Based on a 200bp credit spread, a 1% stock borrow cost and protection against dividends that exceed a yield of 5.9%, the bond floor comes out at 95.7%. The implied volatility is close to 23%, which compares with a 100-day historic volatility of 44%.
The bonds met with a good response from investors, despite the still tepid interest in Singapore Reits in the secondary market. There was no information last night about the coverage ratio, but the pricing indicates that the demand was solid û and also less price sensitive than on most other deals in past months. About 60 investors were said to have bought into the deal which was launched at about 2pm Hong Kong time and stayed open for six hours. In terms of geographical split, approximately 70% of the demand came from Asia and the rest from Europe. The deal wasnÆt open to onshore US investors.
The decision to go ahead and complete the CB transaction on the same day as the acquisition of the Atrium@Orchard property was announced may have been prompted by a report published by MoodyÆs yesterday morning that highlighted the difficulty faced by Singapore Reits when it comes to funding.
ôDespite overall sound fundamentals, negative sentiment and tighter liquidity have impaired the access of some issuers to the capital markets,ö the ratings agency said. ôTighter conditions for borrowing has adversely affected both the availability and price of credit at a time when a number of S-Reits face imminent refinancing needs. In addition, the depressed unit prices of many trusts have reduced the attractiveness of equity funding and boosted leverage at some entities as they have been forced to fund already committed acquisitions with debt, often short term in nature.ö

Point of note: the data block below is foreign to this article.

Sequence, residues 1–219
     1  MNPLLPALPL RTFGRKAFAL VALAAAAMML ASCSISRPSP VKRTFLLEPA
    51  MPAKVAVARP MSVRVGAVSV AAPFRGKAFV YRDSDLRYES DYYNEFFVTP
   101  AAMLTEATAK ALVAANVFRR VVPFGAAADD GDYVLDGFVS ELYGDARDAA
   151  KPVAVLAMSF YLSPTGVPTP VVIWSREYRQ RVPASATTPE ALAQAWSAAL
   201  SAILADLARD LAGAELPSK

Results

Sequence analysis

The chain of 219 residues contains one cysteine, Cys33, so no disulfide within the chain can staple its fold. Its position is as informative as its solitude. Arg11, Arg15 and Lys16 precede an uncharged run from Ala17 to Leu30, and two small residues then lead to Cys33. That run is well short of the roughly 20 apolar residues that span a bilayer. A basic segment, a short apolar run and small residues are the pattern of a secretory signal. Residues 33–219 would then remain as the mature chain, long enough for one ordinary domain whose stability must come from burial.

MoodyÆs also slapped a negative outlook on SingaporeÆs Reit sector (often referred to as S-Reits) for the next 12-18 months, a move which could put additional pressure on unit prices for a sector that has been largely shunned by investors for more than eight months.
ôCapitaMall would have wanted people to have no doubts about its ability to raise financing for this deal,ö notes the source.
CapitaMall has been one of the better performers relative to the rest of the sector though and while yesterdayÆs closing price put the trust 20% below where it was 12 months ago, the unit price has rebounded 32% from the January lows.
If fully converted, the CB could result in a dilution of about 9% for the existing unitholders, and consequently may trigger some near-term weakness in the unit price. However, the acquisition of Atrium@Orchard from the Singapore government should be positive in the sense that it will strengthen CapitaMallÆs retail presence in downtown Singapore and it will also boost its asset size to S$6.9 billion from S$6.0 billion.
In the statement, CapitaMall said it will continue to ôactively pursueö yield accretive acquisition opportunities and have revised its local target asset size from S$8.0 billion to S$9.0 billion by 2010.